It all started as social experiment to see if MBA students responded differently to a married classmate in comparison to an unmarried one. After a summer spent in watching men in bewilderment when I announced that I was married, I was mostly certain that men always believe they have a chance with women and hence, have a reason to talk to women, unless of course they are married. Note that these conversations are never flirty or suggestive, they are plain discussions about new cultures, geographies, every day mundane stuff, etc. So, I didn’t mind being confused for a single woman simply because I could enjoy good company beyond a drink at a party. But the moment that they learnt of my marital status, they’d be off to get another drink, only to never return, just because they discovered they didn’t have a chance anymore. As my friend says, there’s nothing wrong with that as atleast you know these men have their incentives straight (pun intended).
Having made peace with alcohol, I am fairly comfortable with social gatherings, if I do go to one. So, when I was moving to Ann Arbor, I was told by a senior that the only way to get through the exchange program here was to leave my wedding ring at home before I left as no one ever spoke to a poor married girl on exchange. Having been a year at business school as that married girl, I decided to launch a social experiment that my husband likes to call “The lord of the ringless”. Rightfully so, very first day of class, I already had an assignment team without having to lift a finger. Now, that’s some power even Frodo didn’t have. I’ve had a chance to get to know more people within my first week here than I did back in IESE for a plethora of reasons – people are friendlier, I’m more openminded, people are curious as I am the only new thing in second year, etc. But, everything for good reason and I am not complaining.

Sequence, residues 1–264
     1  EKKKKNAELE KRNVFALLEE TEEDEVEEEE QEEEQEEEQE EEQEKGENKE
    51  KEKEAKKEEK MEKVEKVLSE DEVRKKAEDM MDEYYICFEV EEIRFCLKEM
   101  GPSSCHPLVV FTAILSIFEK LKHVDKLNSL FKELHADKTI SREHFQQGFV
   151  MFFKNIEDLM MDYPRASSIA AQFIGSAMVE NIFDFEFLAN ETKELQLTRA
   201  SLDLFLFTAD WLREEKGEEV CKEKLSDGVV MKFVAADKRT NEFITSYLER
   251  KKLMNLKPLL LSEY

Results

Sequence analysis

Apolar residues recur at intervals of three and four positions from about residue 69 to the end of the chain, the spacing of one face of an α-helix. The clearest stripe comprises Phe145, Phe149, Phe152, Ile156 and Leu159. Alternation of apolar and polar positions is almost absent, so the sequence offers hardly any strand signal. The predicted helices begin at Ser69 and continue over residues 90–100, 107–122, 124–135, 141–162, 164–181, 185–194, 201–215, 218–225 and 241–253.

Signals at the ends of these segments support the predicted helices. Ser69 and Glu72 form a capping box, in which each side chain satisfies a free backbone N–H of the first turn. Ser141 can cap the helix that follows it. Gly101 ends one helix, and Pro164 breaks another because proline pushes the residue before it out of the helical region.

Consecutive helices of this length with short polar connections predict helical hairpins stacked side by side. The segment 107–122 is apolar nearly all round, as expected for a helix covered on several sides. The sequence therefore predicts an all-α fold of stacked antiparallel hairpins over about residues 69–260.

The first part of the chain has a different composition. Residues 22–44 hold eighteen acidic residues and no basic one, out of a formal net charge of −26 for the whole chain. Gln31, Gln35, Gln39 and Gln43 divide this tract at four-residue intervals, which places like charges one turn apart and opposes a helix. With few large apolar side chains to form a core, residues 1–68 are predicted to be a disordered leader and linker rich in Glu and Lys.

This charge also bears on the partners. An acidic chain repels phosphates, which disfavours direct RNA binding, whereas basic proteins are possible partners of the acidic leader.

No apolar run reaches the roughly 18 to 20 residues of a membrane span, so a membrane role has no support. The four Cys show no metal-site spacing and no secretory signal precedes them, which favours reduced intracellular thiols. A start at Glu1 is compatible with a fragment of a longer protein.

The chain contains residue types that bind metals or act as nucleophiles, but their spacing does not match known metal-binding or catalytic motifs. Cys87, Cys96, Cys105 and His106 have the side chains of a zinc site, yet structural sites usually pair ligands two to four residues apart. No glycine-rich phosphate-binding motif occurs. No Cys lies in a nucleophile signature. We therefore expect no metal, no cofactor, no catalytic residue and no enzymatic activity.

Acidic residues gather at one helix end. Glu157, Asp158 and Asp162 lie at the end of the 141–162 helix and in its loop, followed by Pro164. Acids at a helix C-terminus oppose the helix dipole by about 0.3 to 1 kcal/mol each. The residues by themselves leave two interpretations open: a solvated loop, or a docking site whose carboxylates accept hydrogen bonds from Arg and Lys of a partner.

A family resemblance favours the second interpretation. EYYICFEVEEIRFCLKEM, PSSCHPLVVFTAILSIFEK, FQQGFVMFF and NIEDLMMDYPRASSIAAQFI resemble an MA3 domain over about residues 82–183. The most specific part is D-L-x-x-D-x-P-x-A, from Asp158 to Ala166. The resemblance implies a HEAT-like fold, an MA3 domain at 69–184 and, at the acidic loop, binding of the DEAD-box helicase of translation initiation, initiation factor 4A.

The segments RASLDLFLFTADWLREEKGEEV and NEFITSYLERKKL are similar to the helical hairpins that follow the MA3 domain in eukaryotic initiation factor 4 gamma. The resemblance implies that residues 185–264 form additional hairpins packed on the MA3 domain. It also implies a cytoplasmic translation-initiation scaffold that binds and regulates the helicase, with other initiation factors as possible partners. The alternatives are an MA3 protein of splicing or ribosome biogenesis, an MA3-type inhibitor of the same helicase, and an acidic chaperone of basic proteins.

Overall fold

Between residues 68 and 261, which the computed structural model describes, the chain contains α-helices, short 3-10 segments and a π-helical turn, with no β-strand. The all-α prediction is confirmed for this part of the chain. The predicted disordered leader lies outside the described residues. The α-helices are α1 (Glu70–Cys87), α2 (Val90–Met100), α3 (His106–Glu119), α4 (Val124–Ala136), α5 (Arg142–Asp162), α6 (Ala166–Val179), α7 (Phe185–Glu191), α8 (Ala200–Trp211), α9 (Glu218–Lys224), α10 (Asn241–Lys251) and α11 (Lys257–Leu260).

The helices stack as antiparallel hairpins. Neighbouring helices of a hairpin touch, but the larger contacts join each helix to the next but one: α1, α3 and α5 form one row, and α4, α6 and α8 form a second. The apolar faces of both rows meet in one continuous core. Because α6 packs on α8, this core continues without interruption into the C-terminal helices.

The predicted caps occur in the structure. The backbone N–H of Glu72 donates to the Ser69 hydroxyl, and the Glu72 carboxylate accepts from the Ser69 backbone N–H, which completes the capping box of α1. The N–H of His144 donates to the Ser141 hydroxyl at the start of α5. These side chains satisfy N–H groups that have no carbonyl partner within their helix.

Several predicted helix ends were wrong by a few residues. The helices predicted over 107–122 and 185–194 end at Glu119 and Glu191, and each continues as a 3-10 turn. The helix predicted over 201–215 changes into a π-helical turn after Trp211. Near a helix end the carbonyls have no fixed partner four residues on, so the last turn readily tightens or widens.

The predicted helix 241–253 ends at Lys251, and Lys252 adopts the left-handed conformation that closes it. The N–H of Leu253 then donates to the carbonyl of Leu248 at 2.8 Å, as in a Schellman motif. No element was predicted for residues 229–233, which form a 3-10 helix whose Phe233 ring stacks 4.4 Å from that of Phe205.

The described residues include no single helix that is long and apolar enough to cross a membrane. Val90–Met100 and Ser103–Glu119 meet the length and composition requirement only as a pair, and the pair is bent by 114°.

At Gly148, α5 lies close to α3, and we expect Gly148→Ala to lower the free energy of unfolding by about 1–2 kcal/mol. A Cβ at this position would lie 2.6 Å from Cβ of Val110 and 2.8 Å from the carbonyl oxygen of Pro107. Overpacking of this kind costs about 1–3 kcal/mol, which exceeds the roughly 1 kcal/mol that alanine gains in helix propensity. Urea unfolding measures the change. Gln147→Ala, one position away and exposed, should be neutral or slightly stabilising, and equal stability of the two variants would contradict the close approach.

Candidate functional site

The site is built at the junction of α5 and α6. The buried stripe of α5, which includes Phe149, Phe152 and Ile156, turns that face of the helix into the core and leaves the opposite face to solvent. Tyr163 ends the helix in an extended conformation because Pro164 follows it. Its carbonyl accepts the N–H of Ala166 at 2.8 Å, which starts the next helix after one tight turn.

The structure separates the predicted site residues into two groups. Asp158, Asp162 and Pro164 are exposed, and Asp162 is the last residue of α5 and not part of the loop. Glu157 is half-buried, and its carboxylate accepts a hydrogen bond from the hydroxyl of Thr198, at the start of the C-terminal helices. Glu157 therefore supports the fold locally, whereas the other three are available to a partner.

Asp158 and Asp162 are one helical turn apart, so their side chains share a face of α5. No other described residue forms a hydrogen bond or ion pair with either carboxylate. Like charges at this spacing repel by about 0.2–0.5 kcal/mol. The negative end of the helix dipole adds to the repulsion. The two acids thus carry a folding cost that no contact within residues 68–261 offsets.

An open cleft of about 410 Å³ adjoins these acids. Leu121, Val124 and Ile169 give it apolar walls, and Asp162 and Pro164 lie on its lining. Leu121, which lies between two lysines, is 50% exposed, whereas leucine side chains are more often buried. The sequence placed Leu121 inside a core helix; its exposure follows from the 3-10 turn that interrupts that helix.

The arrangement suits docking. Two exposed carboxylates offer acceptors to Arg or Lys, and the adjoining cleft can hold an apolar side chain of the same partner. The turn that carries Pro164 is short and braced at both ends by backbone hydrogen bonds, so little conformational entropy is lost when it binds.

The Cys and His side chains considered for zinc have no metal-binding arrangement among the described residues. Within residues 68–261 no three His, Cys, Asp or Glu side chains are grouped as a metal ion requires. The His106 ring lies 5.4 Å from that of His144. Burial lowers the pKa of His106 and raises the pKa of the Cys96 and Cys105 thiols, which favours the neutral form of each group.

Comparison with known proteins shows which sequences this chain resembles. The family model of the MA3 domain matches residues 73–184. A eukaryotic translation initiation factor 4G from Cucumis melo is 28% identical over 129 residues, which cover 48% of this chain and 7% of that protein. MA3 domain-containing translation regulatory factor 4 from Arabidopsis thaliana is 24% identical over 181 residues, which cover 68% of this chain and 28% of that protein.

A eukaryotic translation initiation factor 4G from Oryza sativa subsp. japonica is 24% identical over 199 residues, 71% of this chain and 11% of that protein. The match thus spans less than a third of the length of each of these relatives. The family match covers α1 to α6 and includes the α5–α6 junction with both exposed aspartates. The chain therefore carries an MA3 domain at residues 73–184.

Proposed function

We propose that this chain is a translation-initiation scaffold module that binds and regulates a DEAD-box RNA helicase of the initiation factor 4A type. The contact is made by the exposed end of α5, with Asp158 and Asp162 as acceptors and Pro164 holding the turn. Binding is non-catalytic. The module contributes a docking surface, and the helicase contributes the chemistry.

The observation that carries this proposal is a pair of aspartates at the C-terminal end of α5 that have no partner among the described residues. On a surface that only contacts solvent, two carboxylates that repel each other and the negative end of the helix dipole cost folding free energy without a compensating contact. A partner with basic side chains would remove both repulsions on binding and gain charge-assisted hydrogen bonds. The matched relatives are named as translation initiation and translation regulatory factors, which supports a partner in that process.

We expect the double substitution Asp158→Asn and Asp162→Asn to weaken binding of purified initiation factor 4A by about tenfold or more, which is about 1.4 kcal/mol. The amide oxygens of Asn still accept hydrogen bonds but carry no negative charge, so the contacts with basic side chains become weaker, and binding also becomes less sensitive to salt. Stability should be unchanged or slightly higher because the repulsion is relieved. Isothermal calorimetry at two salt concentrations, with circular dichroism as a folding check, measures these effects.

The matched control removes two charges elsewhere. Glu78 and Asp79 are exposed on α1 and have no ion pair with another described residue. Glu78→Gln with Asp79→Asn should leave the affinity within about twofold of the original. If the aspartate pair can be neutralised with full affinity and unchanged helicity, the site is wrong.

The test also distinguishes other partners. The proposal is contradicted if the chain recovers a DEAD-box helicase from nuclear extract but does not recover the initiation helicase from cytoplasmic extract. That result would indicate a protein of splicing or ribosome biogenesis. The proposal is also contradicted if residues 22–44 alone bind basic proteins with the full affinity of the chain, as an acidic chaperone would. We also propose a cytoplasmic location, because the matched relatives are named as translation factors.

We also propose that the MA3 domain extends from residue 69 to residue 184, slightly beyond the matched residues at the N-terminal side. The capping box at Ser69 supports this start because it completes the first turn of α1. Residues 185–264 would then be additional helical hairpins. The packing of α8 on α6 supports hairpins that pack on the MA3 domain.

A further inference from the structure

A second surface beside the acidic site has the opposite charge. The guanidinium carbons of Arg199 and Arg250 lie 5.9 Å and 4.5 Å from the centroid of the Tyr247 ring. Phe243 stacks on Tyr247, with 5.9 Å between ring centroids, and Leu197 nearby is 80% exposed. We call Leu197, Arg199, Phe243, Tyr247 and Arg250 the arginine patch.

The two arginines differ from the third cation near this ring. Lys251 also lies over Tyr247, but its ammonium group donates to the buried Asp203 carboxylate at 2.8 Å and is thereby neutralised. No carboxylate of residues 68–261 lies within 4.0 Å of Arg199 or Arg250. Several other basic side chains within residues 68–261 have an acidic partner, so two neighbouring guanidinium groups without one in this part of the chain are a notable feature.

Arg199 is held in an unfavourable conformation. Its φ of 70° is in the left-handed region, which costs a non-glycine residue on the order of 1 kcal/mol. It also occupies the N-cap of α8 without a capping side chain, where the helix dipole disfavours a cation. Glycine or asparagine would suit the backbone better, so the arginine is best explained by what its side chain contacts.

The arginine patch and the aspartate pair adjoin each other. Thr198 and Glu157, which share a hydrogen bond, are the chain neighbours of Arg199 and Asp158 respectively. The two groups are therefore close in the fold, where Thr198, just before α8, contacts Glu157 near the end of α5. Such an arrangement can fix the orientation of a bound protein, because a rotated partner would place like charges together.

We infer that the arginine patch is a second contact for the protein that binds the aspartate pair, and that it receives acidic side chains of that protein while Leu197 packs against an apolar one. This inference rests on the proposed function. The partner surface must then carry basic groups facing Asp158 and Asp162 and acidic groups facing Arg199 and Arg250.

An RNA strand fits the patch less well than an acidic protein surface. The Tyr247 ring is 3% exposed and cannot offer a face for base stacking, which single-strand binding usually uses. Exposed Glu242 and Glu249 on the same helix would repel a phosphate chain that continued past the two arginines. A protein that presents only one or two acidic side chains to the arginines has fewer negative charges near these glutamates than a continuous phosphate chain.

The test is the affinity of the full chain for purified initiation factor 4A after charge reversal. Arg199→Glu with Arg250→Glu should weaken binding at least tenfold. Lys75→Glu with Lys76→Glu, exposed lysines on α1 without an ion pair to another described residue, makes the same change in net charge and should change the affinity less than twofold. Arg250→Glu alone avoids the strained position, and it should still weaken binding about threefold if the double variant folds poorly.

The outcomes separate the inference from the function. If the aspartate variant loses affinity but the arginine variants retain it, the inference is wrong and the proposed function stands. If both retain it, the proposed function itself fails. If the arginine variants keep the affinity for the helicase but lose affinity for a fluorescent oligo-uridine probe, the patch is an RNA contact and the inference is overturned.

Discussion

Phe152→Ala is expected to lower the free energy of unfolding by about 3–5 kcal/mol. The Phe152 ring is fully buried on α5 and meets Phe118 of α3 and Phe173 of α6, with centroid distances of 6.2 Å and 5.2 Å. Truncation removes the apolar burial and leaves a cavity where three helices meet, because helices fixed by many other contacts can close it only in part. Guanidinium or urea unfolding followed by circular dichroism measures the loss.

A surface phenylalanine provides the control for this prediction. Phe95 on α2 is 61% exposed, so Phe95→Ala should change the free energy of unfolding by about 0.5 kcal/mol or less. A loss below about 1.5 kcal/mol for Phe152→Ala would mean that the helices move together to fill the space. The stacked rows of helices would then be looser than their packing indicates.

Although, you can hide some things from some people, but not somethings from all people or all things from some people or a union of both. While we were discussing people at business school during one of the several digressions doing the assignment, my team decided to tell me who are the most sought after bachelors. When I didn’t respond much, they curiously enquired if I were a lesbian. Once I clarified, I wasn’t, they asked if I weren’t single. When I said I wasn’t, they enquired where my lover was – in Spain or India. Once I mentioned he was in India, they joked saying that the distance was so much that I didn’t need to worry about him while I am here. But when I clarified that I didn’t have a T bill in this relationship and it was more like a 7 incarnation bond, we were back at bewilderment. At first, they thought I was making the whole thing up in order to ward off single boys around here but they seemed more satisfied after authenticating his identity on Facebook. Now, nothing really changed after they learnt of my marital status (also because most of them weren’t single either) but what I discovered, was that it was more of my perception than theirs.